Image: Muslim women protest
Andrew Yates  /  AFP - Getty Images file
Muslim women protest outside the Bangor Street Community Center in Blackburn, northwest England, Oct. 14.
updated 10/22/2006 3:35:52 PM ET 2006-10-22T19:35:52

The heated debate over veils that cover the faces of some British Muslim women is growing ugly and could trigger riots, the head of Britain’s race relations watchdog warned on Sunday.

Britons are becoming increasingly polarized along racial and religious lines, and if they don’t talk respectfully about their differences, tensions could fuel unrest, Commission for Racial Equality chairman Trevor Phillips wrote in The Sunday Times newspaper.

In an interview with British Broadcasting Corp. television, he said he didn’t want Britain to suffer the kind of violence that exploded in the deprived suburbs of Paris a year ago, when disaffected young people, many from immigrant backgrounds, rioted for three weeks.

He warned there could also be a repeat of the rioting in several northern English towns in 2001 caused by racial tensions between white and mainly Muslim south Asian youths.

“Only this time the conflict would be much worse,” Phillips wrote in the Times.

Muhammad Abdul Bari, secretary-general of the Muslim Council of Britain, said some violent attacks already have occurred against Muslims in the country. He said some women’s veils have been forcibly pulled off, mosques set on fire and Muslims beaten by gangs of men.

The debate over veils was set off earlier this month when former Foreign Secretary Jack Straw, now leader of the House of Commons, said Muslim women visiting his office should remove their veils. A Muslim teaching assistant in northern England was then suspended from her job for refusing to remove a black veil that left only her eyes visible.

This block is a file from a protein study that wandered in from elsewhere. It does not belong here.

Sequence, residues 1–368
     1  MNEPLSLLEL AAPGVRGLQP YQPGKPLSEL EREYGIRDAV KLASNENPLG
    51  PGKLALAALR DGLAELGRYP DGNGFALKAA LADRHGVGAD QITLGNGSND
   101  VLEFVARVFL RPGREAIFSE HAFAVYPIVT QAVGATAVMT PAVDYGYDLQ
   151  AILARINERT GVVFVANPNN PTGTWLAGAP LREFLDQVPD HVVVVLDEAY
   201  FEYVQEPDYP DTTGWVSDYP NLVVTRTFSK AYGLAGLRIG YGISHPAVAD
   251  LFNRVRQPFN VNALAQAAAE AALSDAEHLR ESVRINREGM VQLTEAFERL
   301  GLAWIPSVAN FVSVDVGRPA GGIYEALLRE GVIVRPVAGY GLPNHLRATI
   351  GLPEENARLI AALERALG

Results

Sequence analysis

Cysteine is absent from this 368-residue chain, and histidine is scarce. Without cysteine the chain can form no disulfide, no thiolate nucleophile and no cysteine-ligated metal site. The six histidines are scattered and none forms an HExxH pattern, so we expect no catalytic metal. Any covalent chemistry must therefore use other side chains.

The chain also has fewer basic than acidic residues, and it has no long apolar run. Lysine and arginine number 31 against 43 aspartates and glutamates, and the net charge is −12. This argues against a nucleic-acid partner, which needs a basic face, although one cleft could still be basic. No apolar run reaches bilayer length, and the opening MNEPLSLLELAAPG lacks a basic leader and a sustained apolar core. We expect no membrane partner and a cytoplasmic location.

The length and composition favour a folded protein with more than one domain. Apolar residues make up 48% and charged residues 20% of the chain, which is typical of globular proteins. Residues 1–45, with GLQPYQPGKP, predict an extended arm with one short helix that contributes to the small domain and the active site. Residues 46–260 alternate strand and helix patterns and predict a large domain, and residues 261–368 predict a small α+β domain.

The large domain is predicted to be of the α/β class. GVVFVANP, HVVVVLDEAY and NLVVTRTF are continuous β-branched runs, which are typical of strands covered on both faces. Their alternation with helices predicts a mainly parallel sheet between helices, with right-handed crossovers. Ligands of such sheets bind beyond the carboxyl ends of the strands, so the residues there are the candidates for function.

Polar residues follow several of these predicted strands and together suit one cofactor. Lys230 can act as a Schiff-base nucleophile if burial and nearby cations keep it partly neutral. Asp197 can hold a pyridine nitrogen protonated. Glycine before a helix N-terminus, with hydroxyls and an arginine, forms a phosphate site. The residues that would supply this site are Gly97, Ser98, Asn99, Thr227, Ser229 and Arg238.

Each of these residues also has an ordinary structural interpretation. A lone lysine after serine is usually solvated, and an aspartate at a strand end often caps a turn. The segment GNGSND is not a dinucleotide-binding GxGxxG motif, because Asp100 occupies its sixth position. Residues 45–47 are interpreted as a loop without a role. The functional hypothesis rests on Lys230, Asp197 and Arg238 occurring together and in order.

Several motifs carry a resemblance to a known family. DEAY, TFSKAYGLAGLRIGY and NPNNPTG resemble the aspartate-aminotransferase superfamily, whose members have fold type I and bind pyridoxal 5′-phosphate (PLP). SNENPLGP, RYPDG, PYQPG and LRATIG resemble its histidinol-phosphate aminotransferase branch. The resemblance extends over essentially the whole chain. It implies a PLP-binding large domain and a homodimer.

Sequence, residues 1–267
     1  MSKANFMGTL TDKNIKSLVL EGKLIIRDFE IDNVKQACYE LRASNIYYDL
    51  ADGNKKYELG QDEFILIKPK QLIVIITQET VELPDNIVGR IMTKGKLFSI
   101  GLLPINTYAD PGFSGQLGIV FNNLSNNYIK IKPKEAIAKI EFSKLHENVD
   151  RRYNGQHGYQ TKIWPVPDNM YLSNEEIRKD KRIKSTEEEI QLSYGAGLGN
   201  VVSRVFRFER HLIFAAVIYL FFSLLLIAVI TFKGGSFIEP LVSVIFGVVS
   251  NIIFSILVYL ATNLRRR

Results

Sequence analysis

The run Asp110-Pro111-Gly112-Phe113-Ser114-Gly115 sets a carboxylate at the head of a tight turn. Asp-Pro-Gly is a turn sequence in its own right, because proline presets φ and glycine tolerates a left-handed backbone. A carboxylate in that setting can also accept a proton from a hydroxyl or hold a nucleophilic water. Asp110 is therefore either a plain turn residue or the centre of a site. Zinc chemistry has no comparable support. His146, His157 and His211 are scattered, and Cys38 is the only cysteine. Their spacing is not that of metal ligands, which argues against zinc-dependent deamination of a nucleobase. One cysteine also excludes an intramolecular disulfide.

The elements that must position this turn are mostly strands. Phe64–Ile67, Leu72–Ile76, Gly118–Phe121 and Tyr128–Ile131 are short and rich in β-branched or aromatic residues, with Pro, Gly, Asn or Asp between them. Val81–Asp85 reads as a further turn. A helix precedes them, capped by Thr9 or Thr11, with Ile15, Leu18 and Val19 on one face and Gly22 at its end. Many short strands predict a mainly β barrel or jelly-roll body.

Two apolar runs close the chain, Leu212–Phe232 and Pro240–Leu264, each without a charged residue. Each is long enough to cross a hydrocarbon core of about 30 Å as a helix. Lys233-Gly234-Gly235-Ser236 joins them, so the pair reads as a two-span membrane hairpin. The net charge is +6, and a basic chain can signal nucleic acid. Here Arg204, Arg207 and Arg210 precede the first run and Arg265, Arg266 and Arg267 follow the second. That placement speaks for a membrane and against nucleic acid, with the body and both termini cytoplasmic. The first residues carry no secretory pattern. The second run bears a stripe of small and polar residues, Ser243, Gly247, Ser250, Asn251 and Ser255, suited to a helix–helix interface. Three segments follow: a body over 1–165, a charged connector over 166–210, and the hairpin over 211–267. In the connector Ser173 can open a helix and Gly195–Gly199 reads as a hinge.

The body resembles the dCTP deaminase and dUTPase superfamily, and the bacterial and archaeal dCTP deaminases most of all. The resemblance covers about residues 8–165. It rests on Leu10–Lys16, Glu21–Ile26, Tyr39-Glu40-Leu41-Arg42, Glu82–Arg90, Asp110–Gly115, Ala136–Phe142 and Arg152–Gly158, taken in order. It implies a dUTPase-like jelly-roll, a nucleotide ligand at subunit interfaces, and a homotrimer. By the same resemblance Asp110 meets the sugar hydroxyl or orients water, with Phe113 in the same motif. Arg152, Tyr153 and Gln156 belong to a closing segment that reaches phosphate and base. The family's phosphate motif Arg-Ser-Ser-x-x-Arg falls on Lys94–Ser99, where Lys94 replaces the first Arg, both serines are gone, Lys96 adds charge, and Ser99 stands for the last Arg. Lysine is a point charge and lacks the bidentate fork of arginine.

The issue touches on growing anxieties about Britain’s diversity and the alienation of young British Muslims like those who carried out suicide bombings on London’s transit system last year, killing themselves and 52 commuters.

Blair calls for talk of integration
Last week, Prime Minister Tony Blair said the country needed to talk about how minority communities could better integrate into the wider society while maintaining their cultural distinctiveness. He called the veil “a mark of separation.”

Phillips said he thought Straw’s remarks had been polite and respectful, but he worried the debate had since grown ugly and rancorous. The commission he leads was created by law in 1976 to fight discrimination and encourage good race relations.

In the interview with BBC, he said “what should have been a proper conversation between all kinds of British people seems to have turned into a trial of one particular community, and that cannot be right.”

“We need to have this conversation but there are rules by which we have the conversation which don’t involve this kind of targeting and frankly bullying,” he said.

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